Oblique chains: the supplementary ‘rails’


If the DFL provides the ‘rails’ of good posture then the oblique chains are the emergency support, kicking in during moments of stability crisis to yank you back into the safety of the DFL.


When the Deep Front Line fails OP patients often over recruit and over use the Oblique chains to compensate. This has several undesired consequences.


The Oblique chains are powerful. Because they cross the body they have the ability to twist and rotate the rib cage, pelvis and lower legs. Many muscular and structural imbalances, including leg length differences, hiked hips and twisted rib cages, can be traced back to over active oblique chains.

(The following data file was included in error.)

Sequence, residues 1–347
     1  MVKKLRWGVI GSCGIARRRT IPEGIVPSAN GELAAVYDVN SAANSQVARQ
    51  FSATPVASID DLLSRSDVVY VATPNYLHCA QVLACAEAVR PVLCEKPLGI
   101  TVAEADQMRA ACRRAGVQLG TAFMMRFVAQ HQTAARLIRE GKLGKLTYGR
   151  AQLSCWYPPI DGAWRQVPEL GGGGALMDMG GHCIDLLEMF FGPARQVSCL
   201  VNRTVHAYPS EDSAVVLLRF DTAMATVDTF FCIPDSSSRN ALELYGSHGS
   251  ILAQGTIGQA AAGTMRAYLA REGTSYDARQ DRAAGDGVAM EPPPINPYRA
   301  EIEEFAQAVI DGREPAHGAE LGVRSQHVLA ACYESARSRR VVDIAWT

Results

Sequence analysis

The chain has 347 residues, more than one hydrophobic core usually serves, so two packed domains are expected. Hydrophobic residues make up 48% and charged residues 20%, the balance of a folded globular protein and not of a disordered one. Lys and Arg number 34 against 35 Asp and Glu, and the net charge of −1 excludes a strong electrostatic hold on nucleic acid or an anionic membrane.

If the DFL, in particular the deep core, is dysfunctional then the pelvis/SIJ will remain locked. In this situation the Oblique chains will pull the entire pelvis, which exacerbates the muscular and structural imbalances.

These imbalances overload and overwork the adductors, leading to OP.


Without the additional strength of the Oblique chains high intensity exercise such as sprinting, changing direction, jumping and weight lifting would be impossible. However dominant, overactive Oblique chains only serve to pull the body into poor alignment.

Fixing OP firstly involves strengthening the DFL to its maximum capacity to provide stability. From there the Oblique chains can be engaged, strengthening and rebalancing their connection to the DFL to provide a powerful, resilient reserve of stabilizing strength.